Mental health and mental capacity

… Planning future support from loved ones in your decision making is vital

Lasting Power of Attorney
Future support with Lasting Power of Attorney

This week is Mental Health Awareness Week. Our private client team regularly advises clients on issues relating to mental capacity. The difference between mental capacity and mental health is broadly speaking that mental health encompasses a person's psychological and emotional wellbeing whereas mental capacity relates to their ability to make decisions in different situations. The two often interact and if a person's mental health is such that it is affecting their decision making capability then they may lack mental capacity. In such situations family, friends and loved ones would want to be able to step in to support and help make decisions for them. One way this can be achieved is to put in place Lasting Powers of Attorney.

There are two types of Lasting Power of Attorney, one for property and financial affairs and one for health and welfare matters.

Lasting Power of Attorney for Health and Welfare

The health and welfare LPA was welcomed by private client lawyers when it was introduced in October 2007. Before it was introduced a person could only appoint someone to manage their property and financial affairs (see below). However it is as important to be able to ensure that someone who loses mental capacity is properly cared for and receives the correct care and medical treatment.

This LPA, which will only work if a person has lost mental capacity, allows the attorneys (the people chosen to make decisions by the person making the LPA) to make more personal decisions about what care the person should receive, what medical treatments they should be given, where they should live and so on. They can also consent to whether they would wish their attorneys to be able to consent or refuse life sustaining treatment on their behalf or not.

Lasting Power of Attorney for Property and Financial Affairs

This LPA replaced the previous Enduring Power of Attorney in October 2007. With this type of LPA a person can choose whether they would want their attorneys to be able to make decisions as soon as the LPA is registered if they give consent, or if they would only want it to work should they lose mental capacity. The former can be useful if mobility has become an issue, if someone finds dealing with paperwork too onerous or if you are a business person who goes oversees a lot and needs someone back in the UK able to deal with your financial affairs. The attorneys would be able to pay bills, sign cheques, buy and sell property and deal with investments if the LPA is drafted properly.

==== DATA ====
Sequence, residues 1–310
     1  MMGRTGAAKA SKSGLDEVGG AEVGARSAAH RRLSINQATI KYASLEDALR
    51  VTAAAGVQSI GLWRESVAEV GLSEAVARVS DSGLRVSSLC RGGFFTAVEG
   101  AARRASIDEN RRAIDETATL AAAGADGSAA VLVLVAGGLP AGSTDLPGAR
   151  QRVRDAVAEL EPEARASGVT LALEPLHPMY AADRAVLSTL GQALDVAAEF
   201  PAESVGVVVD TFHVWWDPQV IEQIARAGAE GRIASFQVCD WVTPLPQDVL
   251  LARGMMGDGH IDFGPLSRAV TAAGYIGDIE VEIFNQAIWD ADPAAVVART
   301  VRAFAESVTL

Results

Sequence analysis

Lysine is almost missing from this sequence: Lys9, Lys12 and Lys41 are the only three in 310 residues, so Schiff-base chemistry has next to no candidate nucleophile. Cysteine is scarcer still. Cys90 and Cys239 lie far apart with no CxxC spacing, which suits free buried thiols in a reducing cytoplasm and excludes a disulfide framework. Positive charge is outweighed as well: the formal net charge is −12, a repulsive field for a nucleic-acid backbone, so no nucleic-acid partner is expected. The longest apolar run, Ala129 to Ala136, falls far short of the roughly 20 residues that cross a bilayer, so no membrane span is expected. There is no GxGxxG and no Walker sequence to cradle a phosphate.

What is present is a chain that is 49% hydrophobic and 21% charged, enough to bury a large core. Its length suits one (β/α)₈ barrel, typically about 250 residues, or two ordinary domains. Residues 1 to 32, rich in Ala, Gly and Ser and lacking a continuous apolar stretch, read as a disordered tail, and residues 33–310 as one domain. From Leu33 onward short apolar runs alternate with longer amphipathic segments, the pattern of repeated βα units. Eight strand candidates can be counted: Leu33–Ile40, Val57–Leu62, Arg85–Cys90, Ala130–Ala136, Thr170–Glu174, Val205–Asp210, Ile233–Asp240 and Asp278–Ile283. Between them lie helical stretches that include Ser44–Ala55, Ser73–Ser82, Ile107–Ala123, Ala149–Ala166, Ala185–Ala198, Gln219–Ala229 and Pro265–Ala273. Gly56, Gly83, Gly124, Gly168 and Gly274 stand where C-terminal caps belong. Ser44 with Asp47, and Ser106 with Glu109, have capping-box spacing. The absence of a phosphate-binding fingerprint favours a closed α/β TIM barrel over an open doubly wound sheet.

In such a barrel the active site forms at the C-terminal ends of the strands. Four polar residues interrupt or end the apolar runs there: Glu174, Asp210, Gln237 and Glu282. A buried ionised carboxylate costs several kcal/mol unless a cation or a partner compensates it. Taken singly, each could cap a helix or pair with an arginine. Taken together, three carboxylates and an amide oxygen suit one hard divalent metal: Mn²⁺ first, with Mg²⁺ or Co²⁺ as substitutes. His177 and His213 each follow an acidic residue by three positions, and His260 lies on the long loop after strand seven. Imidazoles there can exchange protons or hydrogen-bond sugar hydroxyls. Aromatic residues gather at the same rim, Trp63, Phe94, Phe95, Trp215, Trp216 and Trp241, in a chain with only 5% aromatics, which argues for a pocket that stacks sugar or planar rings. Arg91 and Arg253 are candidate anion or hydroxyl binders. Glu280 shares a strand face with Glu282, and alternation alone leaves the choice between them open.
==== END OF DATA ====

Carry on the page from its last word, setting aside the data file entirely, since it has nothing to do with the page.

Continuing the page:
To be valid both Lasting Powers of Attorney need to be registered with the Office of the Public Guardian and we deal with this for clients as soon as the LPAs have been signed by all relevant parties to avoid anything going astray and preventing them from being used when they are needed.

The Court of Protection

To make valid LPAs a person needs to have mental capacity. If they do not, and there are no registered LPAs in place, then an application will have to be made to the Court of Protection for a deputy to be appointed. This can be a very expensive and lengthy process and it often happens at a time when important decisions need to be taken but the lack of LPA prevents them. Perhaps most importantly the person concerned has little or no say in who applies to be their deputy.

We are highly experienced in preparing and registering Lasting Powers of Attorney and making applications to the Court of Protection. If you need advice on this or any other issue to do with managing your personal affairs please contact our Wills, Trusts and Probate Team on 01733 882800 or email info@hcsolicitors.co.uk to discuss how we can help. In the meantime, we hope you and your loved ones stay safe and well.

Author: Sally Power TEP, Associate

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This article has been prepared for general interest and information purposes only; it does not constitute legal advice and should not be relied on as such. While all possible care has been taken in the preparation of this article, no responsibility for the accuracy and/or correctness of the information and commentary set out in the article, or for any consequences of relying on it, is assumed or accepted by the firm or the authors.